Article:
Tata Motors and IndianOil will conduct long-term testing of the hydrogen fuel cell bus to better understand the efficiency and durability of the new and clean mobility option in the long run.
The Tata Starbus fuel cell bus is a zero-emission vehicle that was created in collaboration with ISRO and is ideally suited for inter-city transportation for the public (Indian Space Research Organisation). The Starbus Electric 9m, Starbus Electric 12m, and Starbus Hybrid 12m buses are designed, developed, and manufactured in India and are powered by alternative fuels. As a byproduct, the Tata Starbus Fuel Cell bus produces only water and heat, resulting in zero emissions.
With Tata Motors at the forefront of introducing clean vehicles for public transportation, such developments reflect well on the Indian government's 'Make in India' policy. While luxury buses from Volvo and Mercedes-Benz have been spotted, Tata Motors' new buses also promise to be environmentally friendly. Buses powered by hydrogen fuel cells are already on the road in a number of nations. London's public transportation system includes almost 100 fuel cell buses.
How close is India’s Distance in Commercialization?
In the Union budget for 2020-21, the Finance Minister formally initiated the National Hydrogen Energy Mission (NHM), which seeks to generate hydrogen from renewable energy sources. The Ministry of New and Renewable Energy (MNRE) has also stated that the drafted NHM regulations will be submitted to the Union Cabinet for approval. Though it is expected that NHM would focus on producing green hydrogen and allowing its commercial usage as a transportation fuel, it is unclear what roadmap the government has in mind in its draught laws.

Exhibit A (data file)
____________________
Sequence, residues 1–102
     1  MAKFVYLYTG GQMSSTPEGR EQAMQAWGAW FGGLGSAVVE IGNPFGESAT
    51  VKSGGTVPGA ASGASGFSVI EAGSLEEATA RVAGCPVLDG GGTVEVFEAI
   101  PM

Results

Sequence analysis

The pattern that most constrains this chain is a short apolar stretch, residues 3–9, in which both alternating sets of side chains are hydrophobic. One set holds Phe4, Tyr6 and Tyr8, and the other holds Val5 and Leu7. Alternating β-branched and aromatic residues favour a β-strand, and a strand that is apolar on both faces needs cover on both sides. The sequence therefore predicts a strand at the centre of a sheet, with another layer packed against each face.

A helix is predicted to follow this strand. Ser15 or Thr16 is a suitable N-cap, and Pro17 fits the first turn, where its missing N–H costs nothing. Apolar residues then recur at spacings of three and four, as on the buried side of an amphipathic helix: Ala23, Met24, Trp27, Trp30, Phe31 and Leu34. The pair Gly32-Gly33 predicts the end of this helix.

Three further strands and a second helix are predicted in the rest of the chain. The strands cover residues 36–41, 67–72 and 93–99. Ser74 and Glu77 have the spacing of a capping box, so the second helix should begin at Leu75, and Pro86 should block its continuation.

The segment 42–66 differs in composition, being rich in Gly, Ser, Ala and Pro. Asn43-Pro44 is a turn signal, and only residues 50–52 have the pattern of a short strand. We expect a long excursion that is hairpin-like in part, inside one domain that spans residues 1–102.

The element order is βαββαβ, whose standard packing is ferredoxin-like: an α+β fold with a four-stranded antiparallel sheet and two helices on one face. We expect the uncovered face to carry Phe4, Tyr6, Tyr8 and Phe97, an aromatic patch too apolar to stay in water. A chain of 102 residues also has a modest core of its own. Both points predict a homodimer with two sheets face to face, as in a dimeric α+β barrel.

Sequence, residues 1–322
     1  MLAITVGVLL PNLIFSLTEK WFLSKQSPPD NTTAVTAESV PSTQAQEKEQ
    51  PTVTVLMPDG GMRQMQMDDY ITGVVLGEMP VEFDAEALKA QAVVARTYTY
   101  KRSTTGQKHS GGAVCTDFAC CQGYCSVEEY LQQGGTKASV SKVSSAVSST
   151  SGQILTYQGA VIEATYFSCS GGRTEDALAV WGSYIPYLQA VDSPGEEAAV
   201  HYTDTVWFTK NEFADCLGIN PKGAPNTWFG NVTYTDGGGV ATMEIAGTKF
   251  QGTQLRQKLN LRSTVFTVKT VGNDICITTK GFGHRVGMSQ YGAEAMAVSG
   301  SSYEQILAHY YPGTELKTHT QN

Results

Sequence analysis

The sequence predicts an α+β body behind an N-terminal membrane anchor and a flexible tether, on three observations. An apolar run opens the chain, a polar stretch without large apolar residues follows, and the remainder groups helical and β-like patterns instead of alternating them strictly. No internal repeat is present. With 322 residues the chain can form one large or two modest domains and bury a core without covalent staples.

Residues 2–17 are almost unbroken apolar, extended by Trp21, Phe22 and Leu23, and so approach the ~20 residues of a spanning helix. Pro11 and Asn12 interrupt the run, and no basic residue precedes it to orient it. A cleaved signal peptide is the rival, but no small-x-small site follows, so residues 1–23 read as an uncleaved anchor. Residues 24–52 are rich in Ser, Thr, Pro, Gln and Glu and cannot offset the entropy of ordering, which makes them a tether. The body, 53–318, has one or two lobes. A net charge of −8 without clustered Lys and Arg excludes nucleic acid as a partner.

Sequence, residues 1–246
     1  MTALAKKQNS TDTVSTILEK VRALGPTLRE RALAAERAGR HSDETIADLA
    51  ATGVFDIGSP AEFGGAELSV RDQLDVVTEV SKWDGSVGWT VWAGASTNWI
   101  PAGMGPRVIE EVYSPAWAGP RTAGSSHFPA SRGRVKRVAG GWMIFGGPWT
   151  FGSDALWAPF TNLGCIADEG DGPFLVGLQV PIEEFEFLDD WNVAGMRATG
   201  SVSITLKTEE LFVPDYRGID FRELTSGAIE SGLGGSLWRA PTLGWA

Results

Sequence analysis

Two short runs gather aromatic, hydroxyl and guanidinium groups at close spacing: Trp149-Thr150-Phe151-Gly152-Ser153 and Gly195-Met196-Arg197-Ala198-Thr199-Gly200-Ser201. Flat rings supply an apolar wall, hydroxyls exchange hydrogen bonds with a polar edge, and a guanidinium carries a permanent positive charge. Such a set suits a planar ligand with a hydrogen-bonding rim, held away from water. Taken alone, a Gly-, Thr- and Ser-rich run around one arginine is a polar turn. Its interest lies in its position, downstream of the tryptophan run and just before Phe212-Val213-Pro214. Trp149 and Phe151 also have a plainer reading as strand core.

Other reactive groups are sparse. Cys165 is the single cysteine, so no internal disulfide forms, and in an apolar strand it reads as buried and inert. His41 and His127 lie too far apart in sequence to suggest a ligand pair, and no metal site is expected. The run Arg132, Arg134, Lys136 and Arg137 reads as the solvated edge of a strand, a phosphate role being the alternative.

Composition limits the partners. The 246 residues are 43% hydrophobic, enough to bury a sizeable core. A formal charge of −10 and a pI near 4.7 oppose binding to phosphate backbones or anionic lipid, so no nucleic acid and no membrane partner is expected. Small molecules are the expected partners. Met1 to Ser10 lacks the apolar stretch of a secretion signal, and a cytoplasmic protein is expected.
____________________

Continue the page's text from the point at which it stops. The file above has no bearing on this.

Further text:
The economic sustainability of harvesting green or blue hydrogen is one of the most significant issues that the industry has in commercializing hydrogen. The technology employed in the production and use of hydrogen, such as carbon capture and storage (CCS) and hydrogen fuel cell technology, is still in its early stages and is expensive, raising the cost of hydrogen generation. Furthermore, fuel cell maintenance expenses after a plant's completion can be high.
The commercial use of hydrogen as a fuel and in industries necessitates a massive investment in research and development of technologies and infrastructure for hydrogen production, storage, transportation, and demand creation. However, the NHM's proposed regulations are likely to include specifics about hydrogen technology, such as storage, research and development, pilot projects, and other specifications and safety criteria.
With Indian Oil Corporation Limited (IOCL) announcing the establishment of prototype hydrogen production units, the industry has already unveiled its hydrogen project. NTPC, an energy PSU, is exploring establishing a green hydrogen production facility in Andhra Pradesh, while RIL, a private sector behemoth, plans to gradually replace traditional transportation fuels with hydrogen and clean electricity. To get a good start on the NHM and ensure a smooth transition, the policy vacuum must be filled as soon as feasible with regulations.
Commercial use will necessitate collaboration between multiple ministries and regulators. The NHM can also emphasize the importance of global cooperation and provide opportunities for technology exchange.